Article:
In 1990, James E. Faust said that being a parent is a divine calling. He said:
“In my opinion, the teaching, rearing, and training of children requires more intelligence, intuitive understanding, humility, strength, wisdom, spirituality, perseverance, and hard work than any other challenge we might have in life. This is especially so when moral foundations of honor and decency are eroding around us. To have successful homes, values must be taught, and there must be rules, there must be standards, and there must be absolutes. Many societies give parents very little support in teaching and honoring moral values. A number of cultures are becoming essentially valueless, and many of the younger people in those societies are becoming moral cynics” (The Greatest Challenge in the World – Good Parenting).
We must be the change we want to see in the world. You can’t fight hate with hate. You can’t teach your children compassion if you don’t show them what compassion looks like. If you want to see a difference, be the difference. Our homes are the training ground for the next generation and they pick up our language, our habits, our literacy, our skills, our traditions through the culture we create in our homes.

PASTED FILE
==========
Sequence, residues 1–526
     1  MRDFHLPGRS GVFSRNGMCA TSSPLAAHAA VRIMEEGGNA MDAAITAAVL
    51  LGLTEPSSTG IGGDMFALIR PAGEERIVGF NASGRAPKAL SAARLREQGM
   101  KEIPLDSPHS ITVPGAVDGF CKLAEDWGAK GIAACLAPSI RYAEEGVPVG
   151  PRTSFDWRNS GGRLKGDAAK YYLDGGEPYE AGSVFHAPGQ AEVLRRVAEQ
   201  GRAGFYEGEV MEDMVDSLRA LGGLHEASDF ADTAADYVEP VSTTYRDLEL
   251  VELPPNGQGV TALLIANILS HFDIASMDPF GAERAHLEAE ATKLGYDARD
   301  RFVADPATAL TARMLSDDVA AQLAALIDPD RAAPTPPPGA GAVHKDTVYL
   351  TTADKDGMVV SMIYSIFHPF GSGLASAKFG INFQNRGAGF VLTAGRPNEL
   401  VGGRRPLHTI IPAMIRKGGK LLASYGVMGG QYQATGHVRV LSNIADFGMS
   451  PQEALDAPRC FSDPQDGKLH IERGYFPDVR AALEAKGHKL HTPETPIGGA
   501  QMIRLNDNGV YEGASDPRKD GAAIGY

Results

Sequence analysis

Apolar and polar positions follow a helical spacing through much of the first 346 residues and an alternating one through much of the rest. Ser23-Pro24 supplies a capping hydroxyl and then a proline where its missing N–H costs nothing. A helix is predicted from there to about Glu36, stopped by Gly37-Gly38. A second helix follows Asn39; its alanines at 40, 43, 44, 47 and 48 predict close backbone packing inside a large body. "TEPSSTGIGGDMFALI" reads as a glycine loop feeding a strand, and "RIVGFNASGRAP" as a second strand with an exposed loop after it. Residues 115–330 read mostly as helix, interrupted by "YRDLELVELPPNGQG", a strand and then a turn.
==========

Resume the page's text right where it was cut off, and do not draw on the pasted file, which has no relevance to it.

Faust quotes Barbara Bush:
“But whatever the era, whatever the times, one thing will never change: Fathers and mothers, if you have children, they must come first. You must read to your children and you must hug your children and you must love your children. Your success as a family, our success as a society, depends not on what happens in the White House but on what happens inside your house.” (Washington Post, 2 June 1990, p. 2.)
Especially true as another Election Day has passed. Whether you agree with the results or not, the power is in our hands to create the success we desire if we turn to our homes, our local communities, our congregations, and to ourselves, and work together to be the change.